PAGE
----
Paying undocumented workers under the table or having off-the-books cash employees often goes hand in hand with tax charges. The connection arises like a domino effect. Undocumented workers present problems for businesses who want to hire them because they often don’t have social security numbers or TIN’s. They end up paying them in cash and not filing W-2’s because of the lack of documentation. Without W-2’s and adequate cash records, there may be difficulty proving deductions for these expenses. Without these deductions, however, the business owner may make the unfortunate mistake of offsetting these unclaimed deductions by failing to report like amounts of profits. Too often, the business owner pays cash from the register to the cash-workers, and then doesn’t report the cash payment or the cash receipts. A recent Department of Justice press release regarding a similar scenario highlights one such instance. Per that release:
A Ukiah, California restaurateur was sentenced to serve 24 months in prison today for corruptly endeavoring to obstruct the internal revenue laws and harboring illegal aliens for profit, announced Acting Deputy Assistant Attorney General Stuart M. Goldberg of the Justice Department’s Tax Division and U.S. Attorney Brian J. Stretch for the Northern District of California.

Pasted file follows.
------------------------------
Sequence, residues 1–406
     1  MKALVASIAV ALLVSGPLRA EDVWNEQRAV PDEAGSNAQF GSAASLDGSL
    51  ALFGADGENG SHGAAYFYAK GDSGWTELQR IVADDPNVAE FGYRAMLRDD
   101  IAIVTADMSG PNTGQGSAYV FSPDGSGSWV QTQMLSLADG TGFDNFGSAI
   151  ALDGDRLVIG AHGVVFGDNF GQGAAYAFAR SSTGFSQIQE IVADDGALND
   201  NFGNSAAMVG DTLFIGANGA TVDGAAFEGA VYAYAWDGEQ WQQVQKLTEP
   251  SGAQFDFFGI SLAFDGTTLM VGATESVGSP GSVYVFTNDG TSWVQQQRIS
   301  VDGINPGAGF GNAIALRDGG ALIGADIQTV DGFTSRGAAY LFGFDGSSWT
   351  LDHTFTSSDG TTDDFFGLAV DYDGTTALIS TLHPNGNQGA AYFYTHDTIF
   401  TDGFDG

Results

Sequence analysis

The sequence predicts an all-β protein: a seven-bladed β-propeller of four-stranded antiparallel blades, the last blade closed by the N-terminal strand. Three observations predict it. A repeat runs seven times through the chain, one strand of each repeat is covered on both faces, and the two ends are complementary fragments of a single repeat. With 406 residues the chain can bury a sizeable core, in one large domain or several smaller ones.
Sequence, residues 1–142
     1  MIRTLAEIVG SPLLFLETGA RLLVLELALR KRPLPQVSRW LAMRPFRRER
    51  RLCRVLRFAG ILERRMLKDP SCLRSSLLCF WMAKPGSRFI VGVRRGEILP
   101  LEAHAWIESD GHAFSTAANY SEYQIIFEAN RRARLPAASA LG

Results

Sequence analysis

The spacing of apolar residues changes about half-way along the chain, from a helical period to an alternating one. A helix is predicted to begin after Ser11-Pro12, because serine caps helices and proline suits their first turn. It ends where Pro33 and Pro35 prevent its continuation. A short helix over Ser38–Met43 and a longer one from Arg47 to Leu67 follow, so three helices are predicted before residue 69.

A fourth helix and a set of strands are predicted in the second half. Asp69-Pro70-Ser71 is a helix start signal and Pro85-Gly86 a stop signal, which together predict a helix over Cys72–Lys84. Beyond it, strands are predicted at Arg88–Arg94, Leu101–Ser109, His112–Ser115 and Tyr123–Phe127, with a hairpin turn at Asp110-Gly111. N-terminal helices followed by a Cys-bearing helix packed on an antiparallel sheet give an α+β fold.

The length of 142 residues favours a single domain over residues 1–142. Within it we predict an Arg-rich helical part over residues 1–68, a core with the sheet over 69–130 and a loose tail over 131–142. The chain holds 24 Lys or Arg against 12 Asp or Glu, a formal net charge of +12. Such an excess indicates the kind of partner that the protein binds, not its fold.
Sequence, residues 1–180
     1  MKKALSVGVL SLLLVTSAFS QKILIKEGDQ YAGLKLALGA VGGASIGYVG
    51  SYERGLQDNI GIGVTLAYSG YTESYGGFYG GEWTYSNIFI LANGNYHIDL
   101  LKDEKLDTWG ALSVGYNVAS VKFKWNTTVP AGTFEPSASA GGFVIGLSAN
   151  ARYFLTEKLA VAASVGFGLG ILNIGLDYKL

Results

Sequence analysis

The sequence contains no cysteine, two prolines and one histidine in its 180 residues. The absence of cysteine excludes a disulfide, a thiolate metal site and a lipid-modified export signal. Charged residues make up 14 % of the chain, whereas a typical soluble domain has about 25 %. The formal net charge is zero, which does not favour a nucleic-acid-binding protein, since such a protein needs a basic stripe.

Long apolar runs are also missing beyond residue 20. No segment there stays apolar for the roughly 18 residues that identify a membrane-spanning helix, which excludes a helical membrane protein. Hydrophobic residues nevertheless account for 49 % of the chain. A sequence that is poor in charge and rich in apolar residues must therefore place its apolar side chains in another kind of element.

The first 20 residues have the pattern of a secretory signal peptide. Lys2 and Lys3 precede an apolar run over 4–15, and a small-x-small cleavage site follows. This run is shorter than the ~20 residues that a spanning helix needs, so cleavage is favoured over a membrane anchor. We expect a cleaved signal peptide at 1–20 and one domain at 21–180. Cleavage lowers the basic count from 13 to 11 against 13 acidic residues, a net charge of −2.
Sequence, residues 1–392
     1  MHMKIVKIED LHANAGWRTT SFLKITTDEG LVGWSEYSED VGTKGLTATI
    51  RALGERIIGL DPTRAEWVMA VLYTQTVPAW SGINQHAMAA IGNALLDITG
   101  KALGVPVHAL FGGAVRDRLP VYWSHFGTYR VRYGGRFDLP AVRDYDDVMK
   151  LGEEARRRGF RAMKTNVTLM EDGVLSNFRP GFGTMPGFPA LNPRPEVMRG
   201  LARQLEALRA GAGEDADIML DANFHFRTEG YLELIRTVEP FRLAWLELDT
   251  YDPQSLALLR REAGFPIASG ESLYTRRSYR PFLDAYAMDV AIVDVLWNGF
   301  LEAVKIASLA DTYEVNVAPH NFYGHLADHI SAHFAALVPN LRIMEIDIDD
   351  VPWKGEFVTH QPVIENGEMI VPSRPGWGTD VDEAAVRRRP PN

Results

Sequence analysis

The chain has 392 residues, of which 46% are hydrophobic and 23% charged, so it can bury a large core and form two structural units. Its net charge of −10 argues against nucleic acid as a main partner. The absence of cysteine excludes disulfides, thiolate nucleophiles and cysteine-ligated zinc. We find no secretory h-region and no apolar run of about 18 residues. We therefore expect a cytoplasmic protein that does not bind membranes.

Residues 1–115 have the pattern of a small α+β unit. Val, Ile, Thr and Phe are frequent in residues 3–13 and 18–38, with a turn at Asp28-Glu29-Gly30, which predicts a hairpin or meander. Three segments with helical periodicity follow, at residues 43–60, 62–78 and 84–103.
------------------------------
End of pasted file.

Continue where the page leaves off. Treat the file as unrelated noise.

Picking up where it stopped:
According to documents filed with the court, Yaowapha Ritdet, 56, hired Thai nationals who were illegally present in the United States to work at her restaurants, Ruen Tong Thai Cuisine and Walter Café, both located in Ukiah. Ritdet underpaid these employees and instructed them not to speak to anyone about their immigration status. Ritdet also paid her employees in cash and did not pay employment taxes on the cash wages.
Ritdet filed false individual income tax returns for 2007 through 2011 that underreported the gross receipts, sales, and income she received from her two restaurants, and failed to report rental income and a foreign bank account she held in Thailand.
In addition to the term of prison imposed, Ritdet was ordered to serve three years of supervised release and to pay approximately $567,755.65 in restitution to include $70,768.65 to underpaid employees and $496,987 to the Internal Revenue Service (IRS). Ritdet pleaded guilty in August 2016.
This case had a litany of other problems, including omitted rental income and a foreign account. However, those were likely discovered after the undocumented workers and omitted business income were discovered. In addition, there was a 26 U.S.C. 7212 charge for “corruptly endeavoring to obstruct the internal revenue laws,” which is an omnibus provision covering similar conduct to 18 U.S.C. Section 1001 (lying to a federal officer) or 18 U.S.C. Sections 1501 et. seq. (obstruction) but which is more specific to the IRS.
Also unsurprising in such cases is the failure to report and pay payroll taxes. The list of potential charges in such cases is long, which should cause anyone considering off-the-books employees to take heed.
Daniel Layton, Esq., the author of this post, is a tax lawyer in private practice in Orange County, California. He is a former IRS trial attorney and ex-federal prosecutor.